A research team from China characterized the differentially expressed gene profiles in livers from biliary atresia (BA) patients.

Imaging system controls baking process on production line to improve sandwich bun quality
Food companies requiring tight control over baking conditions should benefit from a new imaging system that automatically inspects sandwich buns on the production line and adjusts oven temperatures to provide product of consistent quality.

PBS-Bio uncovers how Unibioscreen drug kills cancer
Predictive Biomarker Sciences (PBS-Bio) has uncovered how the experimental drug UNBS1450, produced by Unibioscreen, kills cancer cells.

Colonoscopy linked to decrease in colorectal cancer deaths, but many more could have been prevented
For National Colorectal Cancer Awareness Month, GIE: Gastrointestinal Endoscopy has published a special March issue on colonoscopy and colorectal cancer which includes a study showing that colonoscopy has prevented a substantial number of colorectal cancer deaths and that many more could have been prevented with more widespread use.

How can robots get our attention?
Researchers at the Georgia Institute of Technology have found that they can program a robot to understand when it gains a human's attention and when it falls short.

Trauma patients have higher rate of death for several years following injury
In a study that included more than 120,000 adults who were treated for trauma, 16 percent of these patients died within 3 years of their injury, compared to an expected population mortality rate of about 6 percent, according to a study in the March 9 issue of JAMA.

New instrument for analyzing viruses
Scientists in Israel and California have developed an instrument for rapidly analyzing molecular interactions that take place viruses and the cells they infect.

Roundworm could provide new treatment for sepsis
Research by the University of Liverpool has found that systemic inflammation caused by sepsis can be suppressed by a protein which occurs naturally in a type of roundworm.

Eating disorders and body dissatisfaction is double in Muslim teenagers than in Christian
Research conducted at the University of Granada is pioneer in addressing the relationship between religion, eating disorders and body image perception among adolescents.

Cleansing the soul by hurting the flesh: The guilt-reducing effect of pain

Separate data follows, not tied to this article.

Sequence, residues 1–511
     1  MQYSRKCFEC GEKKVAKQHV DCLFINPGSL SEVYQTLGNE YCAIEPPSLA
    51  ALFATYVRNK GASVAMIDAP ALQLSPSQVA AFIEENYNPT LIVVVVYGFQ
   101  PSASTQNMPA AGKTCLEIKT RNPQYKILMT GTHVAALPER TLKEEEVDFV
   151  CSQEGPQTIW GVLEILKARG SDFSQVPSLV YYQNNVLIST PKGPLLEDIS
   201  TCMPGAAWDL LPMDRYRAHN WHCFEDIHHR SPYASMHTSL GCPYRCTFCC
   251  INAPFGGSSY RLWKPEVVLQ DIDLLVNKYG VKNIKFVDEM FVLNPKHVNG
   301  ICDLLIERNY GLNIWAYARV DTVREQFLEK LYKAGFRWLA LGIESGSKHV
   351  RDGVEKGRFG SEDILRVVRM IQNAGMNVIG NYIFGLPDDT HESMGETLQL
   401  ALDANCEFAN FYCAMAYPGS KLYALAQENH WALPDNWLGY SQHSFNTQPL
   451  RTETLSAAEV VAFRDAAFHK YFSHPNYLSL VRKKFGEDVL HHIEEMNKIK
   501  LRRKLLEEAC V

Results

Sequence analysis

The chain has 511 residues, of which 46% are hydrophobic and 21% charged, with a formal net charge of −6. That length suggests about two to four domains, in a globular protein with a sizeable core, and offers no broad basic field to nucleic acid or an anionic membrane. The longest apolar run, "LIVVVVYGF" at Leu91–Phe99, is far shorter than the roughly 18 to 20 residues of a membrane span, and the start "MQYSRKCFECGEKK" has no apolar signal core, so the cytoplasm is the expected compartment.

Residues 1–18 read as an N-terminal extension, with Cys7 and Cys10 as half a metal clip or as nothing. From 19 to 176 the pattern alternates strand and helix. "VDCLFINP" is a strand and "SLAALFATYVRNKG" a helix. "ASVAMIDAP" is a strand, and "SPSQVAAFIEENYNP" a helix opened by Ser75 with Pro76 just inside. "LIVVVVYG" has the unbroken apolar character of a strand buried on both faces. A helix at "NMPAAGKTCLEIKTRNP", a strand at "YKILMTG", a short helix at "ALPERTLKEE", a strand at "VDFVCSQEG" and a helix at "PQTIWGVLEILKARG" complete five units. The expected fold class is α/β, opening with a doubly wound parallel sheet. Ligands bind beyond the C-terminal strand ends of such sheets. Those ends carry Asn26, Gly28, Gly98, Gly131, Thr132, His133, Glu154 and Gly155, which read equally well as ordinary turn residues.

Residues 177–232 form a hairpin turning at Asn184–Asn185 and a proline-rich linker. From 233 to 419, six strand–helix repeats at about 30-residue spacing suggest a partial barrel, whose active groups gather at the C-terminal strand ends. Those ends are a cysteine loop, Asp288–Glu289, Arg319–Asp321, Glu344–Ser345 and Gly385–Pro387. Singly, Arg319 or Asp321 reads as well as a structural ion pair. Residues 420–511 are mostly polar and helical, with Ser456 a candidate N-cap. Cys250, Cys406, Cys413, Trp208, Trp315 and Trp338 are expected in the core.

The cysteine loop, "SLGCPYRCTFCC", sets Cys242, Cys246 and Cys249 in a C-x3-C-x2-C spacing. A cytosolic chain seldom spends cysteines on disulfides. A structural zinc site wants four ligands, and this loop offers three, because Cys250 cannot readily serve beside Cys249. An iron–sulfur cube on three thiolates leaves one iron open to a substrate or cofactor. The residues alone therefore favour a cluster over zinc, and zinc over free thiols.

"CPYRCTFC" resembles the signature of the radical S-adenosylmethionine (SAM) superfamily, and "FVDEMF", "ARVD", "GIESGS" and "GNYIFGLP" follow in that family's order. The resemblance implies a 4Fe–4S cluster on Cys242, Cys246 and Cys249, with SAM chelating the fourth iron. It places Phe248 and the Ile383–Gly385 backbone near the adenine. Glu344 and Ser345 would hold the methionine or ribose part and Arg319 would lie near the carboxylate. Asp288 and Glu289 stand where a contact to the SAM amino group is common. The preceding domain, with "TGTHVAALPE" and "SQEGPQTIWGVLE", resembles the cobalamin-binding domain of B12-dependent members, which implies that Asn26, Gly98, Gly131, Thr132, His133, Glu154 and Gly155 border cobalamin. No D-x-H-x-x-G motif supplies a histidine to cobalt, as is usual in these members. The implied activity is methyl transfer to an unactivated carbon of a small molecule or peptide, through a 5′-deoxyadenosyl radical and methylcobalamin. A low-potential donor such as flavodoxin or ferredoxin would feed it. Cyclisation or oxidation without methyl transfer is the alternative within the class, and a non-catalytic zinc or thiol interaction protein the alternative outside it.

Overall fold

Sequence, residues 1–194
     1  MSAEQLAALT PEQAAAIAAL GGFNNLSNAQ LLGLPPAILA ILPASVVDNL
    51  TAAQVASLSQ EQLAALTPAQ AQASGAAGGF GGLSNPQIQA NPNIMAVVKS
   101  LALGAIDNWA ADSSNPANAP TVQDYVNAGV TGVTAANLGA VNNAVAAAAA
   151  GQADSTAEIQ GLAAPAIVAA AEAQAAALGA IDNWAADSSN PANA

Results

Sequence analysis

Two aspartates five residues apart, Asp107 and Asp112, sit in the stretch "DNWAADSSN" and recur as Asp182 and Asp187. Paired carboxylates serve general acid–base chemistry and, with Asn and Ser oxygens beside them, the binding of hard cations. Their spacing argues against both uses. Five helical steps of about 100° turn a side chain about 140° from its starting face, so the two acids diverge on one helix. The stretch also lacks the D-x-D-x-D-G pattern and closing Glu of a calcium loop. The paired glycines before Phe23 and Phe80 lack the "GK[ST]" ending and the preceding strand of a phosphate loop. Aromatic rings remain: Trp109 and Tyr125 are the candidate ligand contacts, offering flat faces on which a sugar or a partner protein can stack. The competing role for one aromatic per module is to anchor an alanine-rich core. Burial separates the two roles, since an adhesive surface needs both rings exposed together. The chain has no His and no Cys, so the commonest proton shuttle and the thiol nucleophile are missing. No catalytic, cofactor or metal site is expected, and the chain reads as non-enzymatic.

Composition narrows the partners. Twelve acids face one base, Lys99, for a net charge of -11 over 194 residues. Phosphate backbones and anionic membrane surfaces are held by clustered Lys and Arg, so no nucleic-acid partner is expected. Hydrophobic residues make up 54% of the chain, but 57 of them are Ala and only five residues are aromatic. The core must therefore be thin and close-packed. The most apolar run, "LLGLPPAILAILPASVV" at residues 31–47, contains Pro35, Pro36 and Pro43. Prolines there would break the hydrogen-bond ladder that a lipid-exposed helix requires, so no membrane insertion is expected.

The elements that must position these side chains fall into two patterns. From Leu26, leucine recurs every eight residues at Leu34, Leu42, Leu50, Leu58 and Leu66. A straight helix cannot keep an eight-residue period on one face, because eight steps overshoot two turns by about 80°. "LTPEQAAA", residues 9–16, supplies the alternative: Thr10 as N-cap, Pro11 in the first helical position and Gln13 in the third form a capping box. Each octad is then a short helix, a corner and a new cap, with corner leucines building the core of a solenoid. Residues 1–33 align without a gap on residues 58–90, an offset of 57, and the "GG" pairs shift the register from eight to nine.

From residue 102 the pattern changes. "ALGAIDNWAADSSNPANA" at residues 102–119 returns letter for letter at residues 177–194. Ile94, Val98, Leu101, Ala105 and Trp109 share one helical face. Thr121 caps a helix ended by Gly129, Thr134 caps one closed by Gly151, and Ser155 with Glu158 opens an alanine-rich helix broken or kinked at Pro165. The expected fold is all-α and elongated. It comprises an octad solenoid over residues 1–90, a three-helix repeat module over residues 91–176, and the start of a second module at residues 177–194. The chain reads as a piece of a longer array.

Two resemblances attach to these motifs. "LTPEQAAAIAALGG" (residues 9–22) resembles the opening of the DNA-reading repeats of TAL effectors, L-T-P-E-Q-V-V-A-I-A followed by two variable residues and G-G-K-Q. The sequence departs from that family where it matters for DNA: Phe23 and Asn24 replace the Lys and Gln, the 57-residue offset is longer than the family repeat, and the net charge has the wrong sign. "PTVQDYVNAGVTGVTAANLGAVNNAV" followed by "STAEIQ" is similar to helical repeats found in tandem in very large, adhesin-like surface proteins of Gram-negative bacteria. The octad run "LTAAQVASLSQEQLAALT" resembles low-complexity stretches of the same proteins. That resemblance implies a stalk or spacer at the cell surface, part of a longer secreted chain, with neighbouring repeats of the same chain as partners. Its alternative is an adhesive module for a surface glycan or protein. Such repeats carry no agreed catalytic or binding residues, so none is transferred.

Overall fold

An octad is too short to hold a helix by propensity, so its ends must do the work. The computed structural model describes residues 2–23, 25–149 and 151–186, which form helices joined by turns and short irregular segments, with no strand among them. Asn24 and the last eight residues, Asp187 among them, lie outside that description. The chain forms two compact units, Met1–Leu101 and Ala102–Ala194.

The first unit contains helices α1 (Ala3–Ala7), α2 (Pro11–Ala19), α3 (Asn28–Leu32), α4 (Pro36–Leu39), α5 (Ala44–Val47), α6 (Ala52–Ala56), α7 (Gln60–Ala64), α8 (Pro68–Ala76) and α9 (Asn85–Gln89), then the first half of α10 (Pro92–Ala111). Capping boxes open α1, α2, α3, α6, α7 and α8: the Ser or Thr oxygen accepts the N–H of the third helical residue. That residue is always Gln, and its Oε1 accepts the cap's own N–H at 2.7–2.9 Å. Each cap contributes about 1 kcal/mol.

Lent in the Christian tradition is a time of sacrifice and penance.

March of Dimes provides $2.4 million in new funding for preterm birth research
The work of five researchers will be supported for the next three years by new March of Dimes Prematurity Research Initiative grants.

Secrets of plague revealed
In work that is pushing the

Story opportunities for journalists at ACP's Internal Medicine 2011
More than 5,000 internists (adult medicine specialists), subspecialists, medical students, and allied health professionals will meet in San Diego for Internal Medicine 2011, the annual scientific meeting of the American College of Physicians, April 7-9 (Thursday - Saturday), at the San Diego Convention Center.

Research study explores gene therapy treatment to reduce symptoms of Parkinson's disease
Physicians at Rush University Medical Center are testing a unique gene therapy product called CERE-120 to evaluate if its use can improve the symptoms of Parkinson's disease.

Big games, close scores lead to more auto fatalities for winning fans
Closely contested major sporting events are followed by a significant increase in traffic fatalities for fans of the winning team, according to new research from North Carolina State University.

Columbia professor to discuss good, bad aspects of choice at NJIT March 23 talk
In the NJIT Technology and Society Forum presentation on March 23, 2011, in the Campus Center Ballroom at 2:30 p.m., Columbia University Professor Sheena Iyengar, will address the psychological and cultural challenges of choice, and suggest answers drawn from her discipline-spanning research.

SPINTROS project awarded prestigious Starting Grant prize for innovative ideas in electronics
The leader of the CIC nanoGUNE nanodevices team received the prestigious award for scientific research, a Starting Grant of 1.3 million euros ($1.8 million) for the SPINTROS project.

Oldest known wild bird in US returns to Midway to raise chick
The oldest known US wild bird -- a coyly conservative 60 -- is a new mother.

Improving risk/benefit estimates in new drug trials
It's all too familiar: researchers announce the discovery of a new drug that eradicates disease in animals.